3. 3. BackgroundThe Below the Radar (BTR) research stream of the Third Sector Research Centre (TSRC) wasestablished to explore the role, function, impact and experiences of small community action groups ororganisations. These include those working at a local level, or in communities of interest which areformal organisations, or more informal community activity. The BTR research is informed by a TSRCReference Group which brings together practitioners from national community networks, policy makers,researchers, as well as others who bring particular perspectives from the sector.Since the BTR Reference Group met last September 2010 we have been developing an actionplanning/impact project to explore how to overcome some of the challenges, identified by our research,for communities, practitioners and policy makers. The Beyond the Radar 2011 (btr11) project waslaunched in July 2011 with an event hosted by the Department for Communities and Local Government(CLG) and over 50 participants attended from the policy, practice and research communities (seeAppendix A). Barrow Cadbury Trust (BCT) provided funding to enable us to offer an online „virtualcontinuation of the debate‟ for participants, and for the wider public engagement, using social mediaover a six month period.The aim of the btr11 impact project is to explore the implications of the BTR research findings, and tosee how changes can be made to maximise impact. The impact facilitation model used for the eventwas adapted from an international approach (RAPID) which maximises the influence of research-basedevidence on policy and practice,1 and from „Our Society‟s‟ adaptation of social network mappingtheory2.The event was chaired by Sara Llewellin, CEO of BCT. She introduced the work of the Trust andreinforced the Trust‟s support for the BTR research steam. As keynote speaker, Hulya Mustafa, DeputyDirector of the Big Strategy Team, Department of Communities and Local Government (CLG) outlinedthe key strategic priorities of the Government in relation to communities. TSRC researchers, AngusMcCabe and Andri Soteri-Proctor set the scene based on their BTR activities to date. The remainder ofthe day offered a series of participatory workshops for participants to: map the socio-economic and political context for BTR activities; undertake a „force field analysis‟; participate in a network and asset mapping exercise; identify key stakeholders and create an interest and influence matrix; explore ideas and solutions to share after the event through online discussions and a virtual social media platform.The event outcomes were recorded on the day (see Appendix B and C), tweets (see Appendix D) andvox pops were available for participants to record their views. These can now be viewed on online rapporteur (micro blogger), tweeted about the event to engage a live virtual audience. A„civicrowd‟ platform was created to offer an ongoing interactive space in order to continue theconversation with wider networks after the event. The Guardian Voluntary Sector Network hosted thefirst of our live Q&As in July, with a panel from the world of academia, policy and practice. We are1 Overseas Development Institute‟s RAPID (Research and Policy in Development) Model - Young, J. „Impact ofresearch on policy and practice‟, ODI, Gateway for capacity development, www.capacity.org2 See website BTR Impact Event Report 3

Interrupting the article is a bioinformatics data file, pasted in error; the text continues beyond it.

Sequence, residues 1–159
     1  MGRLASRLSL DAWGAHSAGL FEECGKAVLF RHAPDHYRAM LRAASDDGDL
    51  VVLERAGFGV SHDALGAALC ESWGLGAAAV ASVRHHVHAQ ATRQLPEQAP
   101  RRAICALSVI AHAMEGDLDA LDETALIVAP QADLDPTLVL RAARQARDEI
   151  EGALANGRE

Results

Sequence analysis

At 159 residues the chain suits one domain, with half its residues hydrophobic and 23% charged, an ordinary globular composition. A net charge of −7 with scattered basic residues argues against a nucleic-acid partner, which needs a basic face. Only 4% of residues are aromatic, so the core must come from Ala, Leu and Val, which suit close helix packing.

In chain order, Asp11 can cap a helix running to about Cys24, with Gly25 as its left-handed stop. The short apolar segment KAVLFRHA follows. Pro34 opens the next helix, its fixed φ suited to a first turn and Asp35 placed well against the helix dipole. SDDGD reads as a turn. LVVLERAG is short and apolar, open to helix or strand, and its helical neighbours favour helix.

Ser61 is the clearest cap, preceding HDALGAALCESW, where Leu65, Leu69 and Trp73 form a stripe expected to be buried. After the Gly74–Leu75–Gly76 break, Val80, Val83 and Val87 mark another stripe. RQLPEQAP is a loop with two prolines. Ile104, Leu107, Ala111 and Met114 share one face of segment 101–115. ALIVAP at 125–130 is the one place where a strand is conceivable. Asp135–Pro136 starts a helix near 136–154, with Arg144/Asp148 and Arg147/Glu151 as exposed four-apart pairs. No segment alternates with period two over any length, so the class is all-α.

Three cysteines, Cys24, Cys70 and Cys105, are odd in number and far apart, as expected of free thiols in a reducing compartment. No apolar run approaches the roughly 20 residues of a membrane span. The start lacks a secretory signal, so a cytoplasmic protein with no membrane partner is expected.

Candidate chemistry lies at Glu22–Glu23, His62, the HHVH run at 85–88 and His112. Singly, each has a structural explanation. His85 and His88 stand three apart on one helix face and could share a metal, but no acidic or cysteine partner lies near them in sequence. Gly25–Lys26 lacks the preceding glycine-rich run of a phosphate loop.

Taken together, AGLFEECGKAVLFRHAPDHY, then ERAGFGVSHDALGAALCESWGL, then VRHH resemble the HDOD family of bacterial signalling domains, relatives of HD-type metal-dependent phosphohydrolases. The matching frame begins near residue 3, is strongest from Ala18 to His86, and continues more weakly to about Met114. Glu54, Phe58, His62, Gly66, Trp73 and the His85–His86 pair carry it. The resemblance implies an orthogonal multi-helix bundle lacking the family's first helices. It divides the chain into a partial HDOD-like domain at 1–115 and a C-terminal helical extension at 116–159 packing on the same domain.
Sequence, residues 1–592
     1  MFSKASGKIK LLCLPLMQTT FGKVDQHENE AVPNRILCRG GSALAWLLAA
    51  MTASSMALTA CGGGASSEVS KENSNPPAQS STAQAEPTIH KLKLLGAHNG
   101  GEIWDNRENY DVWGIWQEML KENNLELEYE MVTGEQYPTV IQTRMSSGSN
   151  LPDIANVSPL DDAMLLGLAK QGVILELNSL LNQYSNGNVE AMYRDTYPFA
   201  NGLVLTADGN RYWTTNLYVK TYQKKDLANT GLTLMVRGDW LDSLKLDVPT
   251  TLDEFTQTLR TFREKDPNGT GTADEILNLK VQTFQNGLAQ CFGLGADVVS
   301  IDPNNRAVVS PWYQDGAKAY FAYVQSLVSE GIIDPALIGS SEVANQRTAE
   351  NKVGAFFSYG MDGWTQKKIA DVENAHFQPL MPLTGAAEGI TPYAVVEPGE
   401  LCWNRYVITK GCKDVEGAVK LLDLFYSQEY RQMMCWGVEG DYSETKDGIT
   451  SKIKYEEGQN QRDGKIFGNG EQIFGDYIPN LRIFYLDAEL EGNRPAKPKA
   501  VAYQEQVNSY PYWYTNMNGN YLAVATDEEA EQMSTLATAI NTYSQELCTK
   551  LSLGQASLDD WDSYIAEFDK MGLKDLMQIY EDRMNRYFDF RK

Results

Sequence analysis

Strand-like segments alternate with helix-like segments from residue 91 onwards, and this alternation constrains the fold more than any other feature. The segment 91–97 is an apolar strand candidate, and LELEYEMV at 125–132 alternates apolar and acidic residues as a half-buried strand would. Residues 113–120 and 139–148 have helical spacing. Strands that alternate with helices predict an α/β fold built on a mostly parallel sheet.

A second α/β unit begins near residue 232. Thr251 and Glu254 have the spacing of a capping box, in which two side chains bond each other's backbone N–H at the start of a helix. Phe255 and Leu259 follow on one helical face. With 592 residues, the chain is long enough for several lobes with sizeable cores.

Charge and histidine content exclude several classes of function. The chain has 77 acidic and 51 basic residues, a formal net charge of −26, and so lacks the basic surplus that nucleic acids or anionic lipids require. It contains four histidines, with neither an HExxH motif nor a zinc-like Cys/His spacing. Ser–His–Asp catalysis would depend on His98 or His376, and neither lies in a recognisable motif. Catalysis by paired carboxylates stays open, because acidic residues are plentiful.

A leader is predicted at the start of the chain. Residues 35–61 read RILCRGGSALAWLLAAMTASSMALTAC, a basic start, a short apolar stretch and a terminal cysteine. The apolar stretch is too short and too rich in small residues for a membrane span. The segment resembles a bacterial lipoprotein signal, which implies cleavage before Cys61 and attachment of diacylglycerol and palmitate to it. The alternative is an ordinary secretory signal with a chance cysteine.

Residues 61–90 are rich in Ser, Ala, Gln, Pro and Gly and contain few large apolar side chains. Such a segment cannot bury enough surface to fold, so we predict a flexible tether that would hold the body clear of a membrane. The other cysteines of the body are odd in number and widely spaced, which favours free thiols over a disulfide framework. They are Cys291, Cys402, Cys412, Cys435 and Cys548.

4. 4. planning a series of other online debates targeting different communities to introduce new participantsto the „civicrowd‟ site over the next six months.This conference report is the first of three reports which will make up the btr11 Impact Project Reportand details the outcomes from the event itself. The second report which will be published in early 2012,will be an academic discussion paper on the use of social media as a tool to engage wider audiencesin knowledge exchange. The final report will be an evaluation of the project‟s process, reflecting backover the six months since the launch event to consider the project‟s impact.Key emerging themes from the socio-economic and political contexts and forcesTwo exercises were undertaken with participants to explore the social, economic and political contextsand forces at play for BTR groups in the current climate. Given the realities of local power andinfluence, they were asked to: assess the positive and negative forces on BTR which had an influenceon the sector; and what needed to change. They placed the forces on a scale of -3 to +3 depending onthe strength of the forces for each context. Below are highlights from the contributions made based onfour emerging themes we have identified (some texts have been amended for clarification, the originaltexts can be found in Appendix B) :Four themes emerged from the group discussions during the event. They are illustrated here with keyquotes from participants:TSRC BTR Impact Event Report 4